ABSENTEE.—At Rugby Police Court on Wednesday, before Mr J Carter, Pte George Hunt, R.W.R, was charged with being an absentee since November 7th. He was remanded to await an escort.

Recruiting has been suspended and calling up notices cancelled.

SOCIAL.—Christmas parcels will still be needed by our soldiers and ‘sailors, and, as the Rev D J Griffith remarked at the Congregational Y.P.A social on Wednesday evening, they will be the happiest gifts this year. The social, in aid of the Christmas Parcels Fund, was in every way a success. A musical programme had been arranged by Messrs Boynton and Phillips. Mr Mewis gave monologues, Miss Gibbs, Mr Phillips, and Mr Warden sang, and Mr Boynton accompanied. Refreshments were served, and games were enjoyed.

INFLUENZA EPIDEMIC ABATING.

The continued bright, dry weather, combined probably with the invigorating influence of the good news of the past week, has happily led to the abatement of the influenza epidemic, and the death-rate for the past week, although still high, showed a considerable decrease on that of the preceding weeks. The total number of deaths from the epidemic in Rugby and district now exceeds 100, and of these 18 have occurred during the past week.

In our last issue we mentioned that the wife, sister-in-law, and infant child of Mr Newman, of Houston Road, Brownsover, had all died of influenza, and we are now informed that Mr Newman’s four-year-old son died from the same complaint during the weekend.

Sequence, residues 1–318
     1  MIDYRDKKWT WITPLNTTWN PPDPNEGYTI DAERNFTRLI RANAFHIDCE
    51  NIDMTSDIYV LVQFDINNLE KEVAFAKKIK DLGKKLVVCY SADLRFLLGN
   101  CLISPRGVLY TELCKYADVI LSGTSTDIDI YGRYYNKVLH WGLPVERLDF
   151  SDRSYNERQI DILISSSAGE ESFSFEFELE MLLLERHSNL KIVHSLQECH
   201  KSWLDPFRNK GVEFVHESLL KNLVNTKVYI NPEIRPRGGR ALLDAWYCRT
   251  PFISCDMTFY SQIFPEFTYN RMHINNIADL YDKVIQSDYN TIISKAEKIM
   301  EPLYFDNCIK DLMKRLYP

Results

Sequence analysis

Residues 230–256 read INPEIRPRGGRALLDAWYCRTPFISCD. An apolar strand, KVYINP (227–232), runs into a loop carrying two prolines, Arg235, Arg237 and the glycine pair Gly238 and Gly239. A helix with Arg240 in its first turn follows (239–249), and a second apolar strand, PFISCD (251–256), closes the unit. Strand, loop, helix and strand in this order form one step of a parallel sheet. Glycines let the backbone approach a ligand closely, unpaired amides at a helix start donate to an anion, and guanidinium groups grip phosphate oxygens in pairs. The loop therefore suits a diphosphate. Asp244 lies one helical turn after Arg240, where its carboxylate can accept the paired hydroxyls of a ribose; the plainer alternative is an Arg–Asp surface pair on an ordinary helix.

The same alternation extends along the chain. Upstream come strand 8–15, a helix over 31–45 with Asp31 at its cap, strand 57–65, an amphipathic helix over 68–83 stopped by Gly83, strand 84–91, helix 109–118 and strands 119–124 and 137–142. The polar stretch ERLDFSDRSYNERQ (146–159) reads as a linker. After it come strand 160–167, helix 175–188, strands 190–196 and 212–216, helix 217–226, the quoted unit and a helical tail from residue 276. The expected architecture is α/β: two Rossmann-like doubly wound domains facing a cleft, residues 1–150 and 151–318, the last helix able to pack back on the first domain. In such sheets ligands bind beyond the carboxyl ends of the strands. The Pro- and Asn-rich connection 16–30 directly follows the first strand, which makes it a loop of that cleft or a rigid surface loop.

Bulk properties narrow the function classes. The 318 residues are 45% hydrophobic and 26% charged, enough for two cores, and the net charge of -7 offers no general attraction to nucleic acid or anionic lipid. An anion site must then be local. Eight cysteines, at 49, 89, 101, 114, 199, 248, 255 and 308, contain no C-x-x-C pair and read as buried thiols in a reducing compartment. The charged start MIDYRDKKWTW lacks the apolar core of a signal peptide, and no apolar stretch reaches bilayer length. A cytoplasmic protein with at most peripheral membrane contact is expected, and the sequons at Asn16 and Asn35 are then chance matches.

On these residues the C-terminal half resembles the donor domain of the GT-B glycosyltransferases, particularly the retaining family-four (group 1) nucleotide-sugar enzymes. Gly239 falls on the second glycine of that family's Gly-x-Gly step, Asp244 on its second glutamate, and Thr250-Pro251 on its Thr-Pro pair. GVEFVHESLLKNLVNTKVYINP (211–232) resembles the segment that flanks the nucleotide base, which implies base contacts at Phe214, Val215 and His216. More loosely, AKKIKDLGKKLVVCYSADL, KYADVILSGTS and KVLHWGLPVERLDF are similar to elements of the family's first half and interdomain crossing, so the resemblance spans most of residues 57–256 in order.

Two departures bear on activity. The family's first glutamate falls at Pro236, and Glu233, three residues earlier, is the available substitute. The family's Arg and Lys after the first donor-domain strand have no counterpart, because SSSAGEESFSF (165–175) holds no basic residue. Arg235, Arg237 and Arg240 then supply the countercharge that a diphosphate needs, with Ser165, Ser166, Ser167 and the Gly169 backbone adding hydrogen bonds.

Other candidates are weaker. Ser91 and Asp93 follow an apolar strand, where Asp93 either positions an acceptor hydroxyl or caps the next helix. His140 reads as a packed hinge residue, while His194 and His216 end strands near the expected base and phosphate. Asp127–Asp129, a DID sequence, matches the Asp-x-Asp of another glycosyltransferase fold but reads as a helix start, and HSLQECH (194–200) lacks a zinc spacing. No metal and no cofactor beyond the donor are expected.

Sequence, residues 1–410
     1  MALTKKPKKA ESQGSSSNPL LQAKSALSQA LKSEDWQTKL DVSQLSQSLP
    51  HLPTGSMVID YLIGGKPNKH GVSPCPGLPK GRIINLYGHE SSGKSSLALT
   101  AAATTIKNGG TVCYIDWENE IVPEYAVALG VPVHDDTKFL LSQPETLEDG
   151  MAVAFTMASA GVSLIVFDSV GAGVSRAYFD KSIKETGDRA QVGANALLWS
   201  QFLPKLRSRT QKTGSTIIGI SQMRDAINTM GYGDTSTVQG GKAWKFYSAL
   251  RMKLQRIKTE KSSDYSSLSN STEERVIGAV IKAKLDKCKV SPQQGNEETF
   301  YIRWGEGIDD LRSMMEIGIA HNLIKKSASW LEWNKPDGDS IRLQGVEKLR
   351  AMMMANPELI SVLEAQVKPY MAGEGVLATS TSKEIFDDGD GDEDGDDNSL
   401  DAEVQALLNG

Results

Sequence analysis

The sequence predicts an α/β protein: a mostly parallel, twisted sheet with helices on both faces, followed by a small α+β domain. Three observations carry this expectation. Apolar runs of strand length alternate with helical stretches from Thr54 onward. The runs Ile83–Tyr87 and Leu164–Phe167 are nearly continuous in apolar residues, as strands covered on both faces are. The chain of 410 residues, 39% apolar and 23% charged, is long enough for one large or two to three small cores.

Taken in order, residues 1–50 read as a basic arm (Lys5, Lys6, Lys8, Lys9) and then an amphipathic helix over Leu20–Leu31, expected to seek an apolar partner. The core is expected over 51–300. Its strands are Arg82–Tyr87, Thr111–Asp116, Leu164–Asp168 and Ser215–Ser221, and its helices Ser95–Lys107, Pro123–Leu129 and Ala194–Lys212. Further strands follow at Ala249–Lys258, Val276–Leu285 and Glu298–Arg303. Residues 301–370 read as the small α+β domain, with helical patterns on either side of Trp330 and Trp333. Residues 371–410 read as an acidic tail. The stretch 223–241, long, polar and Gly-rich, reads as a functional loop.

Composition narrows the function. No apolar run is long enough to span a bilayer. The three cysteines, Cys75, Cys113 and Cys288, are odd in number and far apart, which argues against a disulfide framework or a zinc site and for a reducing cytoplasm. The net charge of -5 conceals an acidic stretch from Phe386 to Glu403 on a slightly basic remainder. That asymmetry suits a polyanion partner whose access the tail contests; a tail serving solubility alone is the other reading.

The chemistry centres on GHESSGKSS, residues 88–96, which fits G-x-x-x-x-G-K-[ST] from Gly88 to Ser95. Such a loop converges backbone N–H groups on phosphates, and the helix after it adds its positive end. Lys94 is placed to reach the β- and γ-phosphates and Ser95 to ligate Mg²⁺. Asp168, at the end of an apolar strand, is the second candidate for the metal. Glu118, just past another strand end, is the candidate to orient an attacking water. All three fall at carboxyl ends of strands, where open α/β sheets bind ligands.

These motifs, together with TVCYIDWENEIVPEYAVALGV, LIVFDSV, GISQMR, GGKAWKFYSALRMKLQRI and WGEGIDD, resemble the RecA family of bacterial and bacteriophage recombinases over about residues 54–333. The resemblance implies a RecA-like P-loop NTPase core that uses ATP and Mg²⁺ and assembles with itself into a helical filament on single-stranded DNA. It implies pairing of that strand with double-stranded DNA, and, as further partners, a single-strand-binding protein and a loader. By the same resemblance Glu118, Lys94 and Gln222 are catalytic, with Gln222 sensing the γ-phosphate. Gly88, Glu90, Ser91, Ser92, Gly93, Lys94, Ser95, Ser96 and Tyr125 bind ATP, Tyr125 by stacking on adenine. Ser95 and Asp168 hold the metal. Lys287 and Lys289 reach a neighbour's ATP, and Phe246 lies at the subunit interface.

DEATHS.

GARRETT.—On October 23, 1918, Pte. F. GARRETT, R.W.R., killed in action in France.
“ I pictured your safe returning,
And longed to clasp your hand ;
But God postponed our meeting
Till we meet in the Better Land.”
—From his loving wife Alice.

HALL.—On November 5th, at the Fort Pitt Hospital, of influenza, in his 20th year, PEVERIL AUSTIN (TOMMY) HALL, 2nd-Lieut., Royal Engineers, of the Brompton Barracks, Chatham ; and Yelvertoft Rectory, Rugby ; fourth son of the late E. A. Hall, Esq., Mozufferpore, India. Interred at Yelvertoft, November 9th.

HORSLEY.—In loving memory of Pte. HORACE HORSLEY, of “ Scotia,” 33 Albert Street, Rugby, who was killed in action on March 21, 1918 ; aged 21[?] years.
“ A loving son, a faithful brother,
One of the best towards his mother.
He bravely answered his country’s call ;
He gave his life for one and all.
We pictured his safe returning,
We longed to clasp his hand ;
But God has postponed our meeting
Till we meet in the Better Land.”
—From his loving Mother and brother Freeman.

JONES.—On November 1st, Pte. GORONWY JONES, Machine Gun Corps, who died of wounds in France, the beloved fifth son of Mr. & Mrs. John Jones, Red House, Shuckburgh ; aged 22.
“ A loving son, a faithful brother,
One of the best towards his mother ;
He bravely answered his country’s call,
he gave his life for one and all.
We pictured his safe returning,
We longed to clasp his hand ;
But God has postponed our meeting
Till we meet in the Better Land.”